I lean with broad, but realistically this is hard to build into leveled progression for any non-spellcaster (spellcasters can customize via spell selection). Having a broad base at key levels, primarily level 1, then having some standardized abilities is probably the best way to go. For example, being able to build a wide variety of Fighters, but all of them are going to be good in combat, gaining Extra Attack and durability benefits. I think another layer of customization for non-caster classes would be a worthwhile addition in reaching this goal.
 

Steampunkette

Rules Tinkerer and Freelance Writer
Supporter
Ultimately, this seems to be a false dichotomy from a writer's standpoint. Yeah, there's a "Distinction in Structure" but it seems like you want the narrow class in either case. You just wanna take extra steps to get there.

The broad class with narrow archetypes requires an evergrowing number of narrow ways to do the broad class. The narrow class structure requires an evergrowing number of narrow classes.

Even classless, or self-defined classes, require the same evergrowing number of incredibly narrow options grouped by type for people to choose from which are, essentially, narrow classes broken into even smaller pieces so a given player can create an even -more- narrow class, one that is theoretically unique to them... Though in practice it typically means a narratively unfocused powergaming exercise with high monotony between different characters who select the same suite of "Best" functions. Like Magic Tournament Deckbuilding. After a little bit of time with the cards, 2-3 "Powerful" plays show up and all other variations on a 60 card deck are ignored.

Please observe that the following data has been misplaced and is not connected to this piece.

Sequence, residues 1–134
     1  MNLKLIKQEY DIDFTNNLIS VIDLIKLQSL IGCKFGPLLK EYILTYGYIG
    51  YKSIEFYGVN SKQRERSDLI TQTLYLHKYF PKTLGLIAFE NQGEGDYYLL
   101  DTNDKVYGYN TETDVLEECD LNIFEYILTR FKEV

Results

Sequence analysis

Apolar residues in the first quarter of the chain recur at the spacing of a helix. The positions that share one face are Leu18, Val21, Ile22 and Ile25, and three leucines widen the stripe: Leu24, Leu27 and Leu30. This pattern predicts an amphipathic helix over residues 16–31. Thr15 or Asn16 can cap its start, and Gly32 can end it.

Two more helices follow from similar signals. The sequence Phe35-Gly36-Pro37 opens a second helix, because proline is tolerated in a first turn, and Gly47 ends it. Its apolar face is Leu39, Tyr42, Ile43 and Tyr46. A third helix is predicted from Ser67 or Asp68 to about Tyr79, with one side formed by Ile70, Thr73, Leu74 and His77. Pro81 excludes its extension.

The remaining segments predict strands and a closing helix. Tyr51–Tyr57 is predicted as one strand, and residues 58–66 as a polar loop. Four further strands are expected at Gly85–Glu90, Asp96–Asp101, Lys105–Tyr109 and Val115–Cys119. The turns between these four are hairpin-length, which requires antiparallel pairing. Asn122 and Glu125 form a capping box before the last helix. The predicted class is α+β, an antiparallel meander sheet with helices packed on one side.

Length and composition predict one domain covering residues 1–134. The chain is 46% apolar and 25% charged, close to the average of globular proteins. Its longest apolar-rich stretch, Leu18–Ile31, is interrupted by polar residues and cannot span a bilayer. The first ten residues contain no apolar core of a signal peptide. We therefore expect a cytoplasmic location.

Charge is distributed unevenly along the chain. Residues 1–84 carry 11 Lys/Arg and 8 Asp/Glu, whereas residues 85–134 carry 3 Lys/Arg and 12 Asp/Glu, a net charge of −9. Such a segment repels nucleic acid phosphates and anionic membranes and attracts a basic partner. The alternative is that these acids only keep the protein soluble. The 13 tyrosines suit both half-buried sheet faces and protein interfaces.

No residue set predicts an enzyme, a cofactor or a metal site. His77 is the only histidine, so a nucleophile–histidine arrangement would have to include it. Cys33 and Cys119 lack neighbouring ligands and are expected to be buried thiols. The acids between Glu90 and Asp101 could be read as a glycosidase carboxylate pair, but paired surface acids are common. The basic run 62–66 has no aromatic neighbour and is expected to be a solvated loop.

I can't help but wonder if WotC went to the broad classes narrow archetypes structure as a money-saving or content-inflation maneuver, in hindsight... When you pay a designer and writer to make something you're ultimately paying by the word. Archetypes have a -vastly- lower word-count than a full class, but still provide players with a new hook for their particular concept of a barbarian or wizard.

Alternatively, because of the lower cost of an individual archetype, you can use the space a whole class would take up to create 3-4 archetypes, inflating the apparent value of the product for your customers. Like I could put out 3 new narrow classes, Tome of Magic style, or I could do 9-12 archetypes for the same cost by wordcount in the hopes that shotgunning those archetypes at your table, several of your players might be interested in those rather than one person playing the new Duskblade, y'know?

ESPECIALLY after the massive wordcounts of 4e's class design and narrow class structure of role+source for an ever-expanding set of narrow classes...
 

Aldarc

Legend
Broad? Narrow? I don't really care as long as its not half-@$$*d or trying to do both side by side.